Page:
Chair Graham indicated that from a reliability standpoint ammonia systems are being used throughout the country based on the statistics he has read. Also, 52% of the rinks in the United States are using some type of ammonia system. Also, the Wilmette Fire Department and our insurer have indicated they are not concerned about ammonia systems since it is also used in other types of refrigeration such as grocery stores and industrial settings. As a result, it seems that safety is not an issue but he still wants the consultants to confirm that fact.
With respect to costs, the data suggests that if you compare the ammonia system to the Freon system over a 20-year life span, the installation costs for the ammonia system over that 20-year period is approximately $220,000 which makes it less expensive than the Freon system. It also takes into consideration a present value calculation of what the cost savings are for running an ammonia system vs. a Freon system. Staff had estimated that it would cost about $35,000 per year but he would still like them to review that amount. Commissioner Murdock added that the ammonia system also has a longer useful life. Chair Graham stated he would like the consultants to tell us if it means the system has a longer useful life due to Freon possibly being outlawed or if it just generally has a longer useful life.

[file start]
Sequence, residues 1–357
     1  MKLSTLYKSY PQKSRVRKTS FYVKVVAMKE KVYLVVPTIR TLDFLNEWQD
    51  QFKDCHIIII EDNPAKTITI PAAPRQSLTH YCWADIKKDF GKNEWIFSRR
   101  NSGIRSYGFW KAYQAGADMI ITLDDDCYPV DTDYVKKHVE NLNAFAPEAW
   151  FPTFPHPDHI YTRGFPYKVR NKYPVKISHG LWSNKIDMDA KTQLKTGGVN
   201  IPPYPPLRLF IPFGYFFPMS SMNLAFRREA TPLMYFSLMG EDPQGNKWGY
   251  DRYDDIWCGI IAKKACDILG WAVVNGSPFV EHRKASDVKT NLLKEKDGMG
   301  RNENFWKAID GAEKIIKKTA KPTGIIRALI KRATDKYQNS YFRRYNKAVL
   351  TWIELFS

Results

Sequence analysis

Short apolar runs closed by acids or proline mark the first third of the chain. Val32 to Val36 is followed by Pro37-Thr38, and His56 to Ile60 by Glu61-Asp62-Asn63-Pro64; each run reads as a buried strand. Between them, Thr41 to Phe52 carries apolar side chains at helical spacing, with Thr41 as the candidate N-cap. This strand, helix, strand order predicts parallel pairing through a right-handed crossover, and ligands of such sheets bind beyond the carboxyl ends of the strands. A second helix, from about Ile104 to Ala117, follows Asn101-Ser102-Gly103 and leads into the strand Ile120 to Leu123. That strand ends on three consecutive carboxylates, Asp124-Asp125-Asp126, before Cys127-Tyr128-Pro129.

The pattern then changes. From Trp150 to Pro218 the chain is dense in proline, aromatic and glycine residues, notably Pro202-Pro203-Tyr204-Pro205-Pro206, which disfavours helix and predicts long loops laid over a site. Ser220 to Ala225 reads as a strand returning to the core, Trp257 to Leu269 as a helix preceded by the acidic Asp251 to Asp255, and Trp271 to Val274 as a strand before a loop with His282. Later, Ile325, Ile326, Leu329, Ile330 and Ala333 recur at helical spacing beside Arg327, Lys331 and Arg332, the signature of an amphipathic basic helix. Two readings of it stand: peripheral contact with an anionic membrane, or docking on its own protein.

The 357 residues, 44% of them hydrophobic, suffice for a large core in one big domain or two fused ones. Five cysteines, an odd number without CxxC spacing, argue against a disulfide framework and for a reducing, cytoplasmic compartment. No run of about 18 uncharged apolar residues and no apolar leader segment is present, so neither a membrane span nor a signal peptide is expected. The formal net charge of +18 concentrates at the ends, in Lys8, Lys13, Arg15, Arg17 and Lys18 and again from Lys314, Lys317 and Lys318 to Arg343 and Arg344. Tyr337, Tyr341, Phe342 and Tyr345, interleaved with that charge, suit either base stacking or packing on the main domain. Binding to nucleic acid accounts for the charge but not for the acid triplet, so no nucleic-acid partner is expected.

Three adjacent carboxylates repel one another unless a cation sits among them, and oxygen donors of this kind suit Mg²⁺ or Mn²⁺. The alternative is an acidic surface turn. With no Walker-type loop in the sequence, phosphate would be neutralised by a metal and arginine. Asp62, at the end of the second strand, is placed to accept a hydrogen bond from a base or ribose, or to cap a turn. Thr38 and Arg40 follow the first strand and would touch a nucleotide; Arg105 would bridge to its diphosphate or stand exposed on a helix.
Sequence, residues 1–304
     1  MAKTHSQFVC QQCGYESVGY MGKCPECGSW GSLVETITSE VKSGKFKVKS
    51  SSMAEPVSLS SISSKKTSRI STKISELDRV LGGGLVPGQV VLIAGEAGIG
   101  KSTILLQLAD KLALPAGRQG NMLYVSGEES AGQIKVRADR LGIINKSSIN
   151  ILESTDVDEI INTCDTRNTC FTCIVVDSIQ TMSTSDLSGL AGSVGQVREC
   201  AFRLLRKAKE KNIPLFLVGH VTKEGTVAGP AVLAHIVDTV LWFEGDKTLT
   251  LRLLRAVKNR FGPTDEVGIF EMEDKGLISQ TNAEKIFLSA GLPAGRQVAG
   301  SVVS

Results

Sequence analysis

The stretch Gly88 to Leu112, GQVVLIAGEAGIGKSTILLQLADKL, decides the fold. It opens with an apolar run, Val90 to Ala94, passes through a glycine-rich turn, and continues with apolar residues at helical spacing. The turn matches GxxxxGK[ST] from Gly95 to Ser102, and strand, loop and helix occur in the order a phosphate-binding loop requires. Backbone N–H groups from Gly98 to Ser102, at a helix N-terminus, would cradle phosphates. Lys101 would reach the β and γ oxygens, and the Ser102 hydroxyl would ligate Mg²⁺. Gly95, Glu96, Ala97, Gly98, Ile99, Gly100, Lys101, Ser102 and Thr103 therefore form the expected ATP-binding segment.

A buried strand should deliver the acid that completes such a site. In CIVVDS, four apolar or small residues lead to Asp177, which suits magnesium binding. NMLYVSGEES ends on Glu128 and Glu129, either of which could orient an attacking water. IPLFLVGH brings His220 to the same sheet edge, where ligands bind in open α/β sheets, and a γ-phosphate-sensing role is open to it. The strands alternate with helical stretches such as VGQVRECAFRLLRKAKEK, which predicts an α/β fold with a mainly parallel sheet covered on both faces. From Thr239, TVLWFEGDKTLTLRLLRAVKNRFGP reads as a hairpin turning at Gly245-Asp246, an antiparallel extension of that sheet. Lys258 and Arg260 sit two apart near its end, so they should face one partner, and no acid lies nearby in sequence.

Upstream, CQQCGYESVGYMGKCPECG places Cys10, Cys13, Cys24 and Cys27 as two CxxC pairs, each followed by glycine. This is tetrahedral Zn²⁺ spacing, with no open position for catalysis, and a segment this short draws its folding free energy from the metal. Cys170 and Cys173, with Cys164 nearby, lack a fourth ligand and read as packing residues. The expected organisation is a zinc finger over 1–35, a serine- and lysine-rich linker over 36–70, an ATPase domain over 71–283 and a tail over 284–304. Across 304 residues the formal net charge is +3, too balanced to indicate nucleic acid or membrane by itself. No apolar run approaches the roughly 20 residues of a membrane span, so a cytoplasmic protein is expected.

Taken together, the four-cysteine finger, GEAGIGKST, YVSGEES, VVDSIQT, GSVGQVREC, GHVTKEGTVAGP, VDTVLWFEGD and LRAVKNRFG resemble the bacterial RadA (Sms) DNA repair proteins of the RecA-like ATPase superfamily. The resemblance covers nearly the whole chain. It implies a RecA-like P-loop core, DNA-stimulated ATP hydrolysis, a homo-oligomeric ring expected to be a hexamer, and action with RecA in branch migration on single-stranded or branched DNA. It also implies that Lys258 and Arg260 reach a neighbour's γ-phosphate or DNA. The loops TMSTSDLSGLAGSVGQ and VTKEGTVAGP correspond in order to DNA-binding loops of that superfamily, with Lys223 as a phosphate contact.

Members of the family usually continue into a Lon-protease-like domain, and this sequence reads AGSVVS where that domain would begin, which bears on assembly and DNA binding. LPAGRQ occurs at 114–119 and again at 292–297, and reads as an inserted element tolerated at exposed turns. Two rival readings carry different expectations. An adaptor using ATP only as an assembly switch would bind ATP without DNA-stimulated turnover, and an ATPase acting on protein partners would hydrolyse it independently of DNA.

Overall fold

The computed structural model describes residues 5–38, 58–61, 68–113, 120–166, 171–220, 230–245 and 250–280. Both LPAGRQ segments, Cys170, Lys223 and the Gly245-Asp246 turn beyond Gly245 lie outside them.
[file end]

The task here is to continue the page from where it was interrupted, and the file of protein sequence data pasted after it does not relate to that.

Chair Graham stated some rough calculations were made on what the costs would be if we delayed the project and the $300,000 figure came up. That alone would not be a reason to delay the project – although it is a factor – but when putting all of this together the ammonia system is more cost effective, has a longer life span and is equally safe when compared to a Freon system. When adding in the cost of delay, it seems that there is no reason to delay a decision at this meeting. Commissioners Benz and Brault asked if the consultants could address the cost and savings issues, the $35,000 savings, and the useful life issue.
Commissioner Benz stated he thought ammonia was a refrigerant like Freon and asked why one type of system would last longer than the other. Mr. Steve Triphahn from W-T Engineering indicated he was filling in for Tom Brady who is the consultant for this project but had been unable to attend tonight. He then replied that it has to do with operating pressures within the compressor wherein the ammonia works at 196 or 198 psi. Commissioner Benz stated he had done some research online and after talking to other people he is convinced that both an ammonia process and a Freon derivative are equally safe and reliable. Mr. Triphahn agreed with Commissioner Benz and stated that once the system is installed, staff will be trained and then the system will be equal in terms of safety.